By Mark L. Blackman: On the evening of Tuesday, May 1 – May Day – the New York Review of Science Fiction Readings Series hosted readings by fantasy writers Jo Walton and Ilana C. Myer at its venue, the Brooklyn Commons Café, down the road apiece and third star to the left from Brooklyn’s Barclays Center.
(Mayday indeed. The Series’ original plans for May Day, a tentatively scheduled celebration of the life of Ama Paterson, fell through, but the two replacement readers were no mere consolation prize. The evening was a delight.)
In his introductory welcome (he thought of the day more as Beltane than as May Day), executive curator Jim Freund, host of WBAI-FM’s Hour of the Wolf radio program on sf and fantasy (which broadcasts and streams every Wednesday night/Thursday morning from 1-3 am), cautioned us that the event was being Livestreamed (so watch out) and asked all who could donate to donate (suggested amount $7), adding that WBAI (two floors above) was in a fundraising drive. He then announced upcoming events:
- June 5 – A Tribute to Thomas M. Disch, with guest curator Henry Wessels, featuring Brendan Byrne, John Clute, Gregory Feeley, Elizabeth Hand, et al.
- July – TBD
- August 7 – A Launch Party/Reading for Sunspot Jungle, with guest curator Bill Campbell
June, he noted, marks 10 years since Disch’s final reading for the Series, a bare month before his death. Feeley, aside from his credentials as author and critic, is the executor of Disch’s estate. Campbell’s anthology was described by Freund as “bleeping [sic] massive.” June’s event would close out the Series’ 27th Season, with July and August as its Summer Season. Concluding, Freund introduced the evening’s first reader.
Journalist and cultural critic and reviewer (as Ilana Teitelbaum) Ilana C. Myer is the author of the novels Last Song Before Night and Fire Dance. She read from Fire Dance, which she described as a stand-alone sequel to Last Song Before Night, and a blend of Celtic myth and Middle Eastern magic, where poets/musicians have mystical/mental powers.
During the intermission, as traditional, a raffle was held for donors; the prizes were a copy of Fire Dance (Jim Ryan drew the tickets and, as it happened, the winner was his wife Susan – no collusion, no collusion!) and a copy of Starlings. Afterward, Freund introduced the second and final reader.
Jo Walton has published thirteen novels, among others the Hugo and Nebula Award-winning Among Others; her fourteenth, Lent, is due out from Tor soon. She has also just published Starlings, a collection of short stories, poetry and a play. Additionally, her blog posts about older sf have been collected in a volume called What Makes This Book So Great, while An Informal History of the Hugos collects her blog posts about nominees and winners from 1953 to 2000. Walton has said that her plan is to live to be ninety-nine and write a book every year; she noted that she has a good start this year.
With a mind to next month’s tribute to Disch, she began by reading her essay on his On Wings of Song from An Informal History of the Hugos. She described the work as “brilliant, depressing and hilarious … as if Dostoevsky and Douglas Adams had collaborated on the Great American Novel.” She then read an abundance of selections from Starlings, enlivened by her rich Welsh accent. (Neil Gaiman and Douglas Adams may not like the birds, but she does.)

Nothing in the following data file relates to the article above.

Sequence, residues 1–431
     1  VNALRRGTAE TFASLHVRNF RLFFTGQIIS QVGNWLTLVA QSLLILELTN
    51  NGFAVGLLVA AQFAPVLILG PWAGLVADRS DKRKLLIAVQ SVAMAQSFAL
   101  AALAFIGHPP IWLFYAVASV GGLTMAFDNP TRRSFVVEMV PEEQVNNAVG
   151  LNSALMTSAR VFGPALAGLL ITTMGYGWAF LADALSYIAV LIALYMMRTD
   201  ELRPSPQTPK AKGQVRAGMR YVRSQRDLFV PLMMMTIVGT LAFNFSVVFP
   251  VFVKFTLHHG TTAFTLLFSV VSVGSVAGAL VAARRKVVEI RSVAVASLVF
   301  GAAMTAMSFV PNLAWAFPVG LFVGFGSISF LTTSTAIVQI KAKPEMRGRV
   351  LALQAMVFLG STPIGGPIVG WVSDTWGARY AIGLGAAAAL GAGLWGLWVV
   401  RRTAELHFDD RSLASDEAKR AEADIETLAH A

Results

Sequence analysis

She began with the eponymous “Starlings,” a short serious poem, then shifted to the uproariously absurd “Remember the Allosaur,” in which Cedric, the titular theropod (he’s a clone), has had quite the Hollywood career, even winning an Oscar for his portrayal of Othello. In “Joyful and Triumphant: St. Zenobias and the Aliens,” a Christmas posting on LiveJournal, she addresses the question of what do people do in Heaven? There are a lot of planets out there, and human and alien saints, we are told, may manifest on each other’s world; the “lucky” ones don’t become patron saints, but are free to engage in “the Great Work,” worship. “At the Bottom of the Garden” was written when her son was that age. A little girl captures a fairy man and – well, Walton had “read one too many fairy flower books.”
In “Out of It,” a damned soul, John (as his wife’s name is Helen, we presume that his was originally Johann), is asked if his bargain with Mephistopheles (which has affected history for good and ill) was worth it or if he should renounce it. “Parable Lost” is a story that has “everything in the universe” – almost – and starts with a man (call him Adam) throwing jellyfish (which are and aren’t metaphorical) into the sea. Is he helping them or thwarting the Plan for them, and what should the woman (Eve) do?
“Dragon’s Song” was a poem about dragons as they appear in many ballads. She next turned to that modern incarnation of firebreathing dragons in her cycle of “Godzilla Sonnets”: “Godzilla vs. Shakespeare,” “Godzilla in Shakespeare,” “Godzilla Weeps for Baldur,” “Godzilla in Love” and “Godzilla at Colonus.” She concluded her readings with “Three Bears Norse,” the Goldilocks story retold as a Norse saga – the bears vow revenge against the despoiler of their home, beds and porridge.
Among those present in the audience of about 30 were Richard Bowes, Susan Bratisher, Madeline Flieger (video and tech ops), Amy Goldschlager, Karen Heuler, (House Manager) Barbara Krasnoff, John Kwok and James Ryan. Throughout the evening and following the readings, members of the audience availed themselves of the Café’s food, coffee bar, beer and wine. (Tip your barista!) As customary, the Jenna freebie table offered books.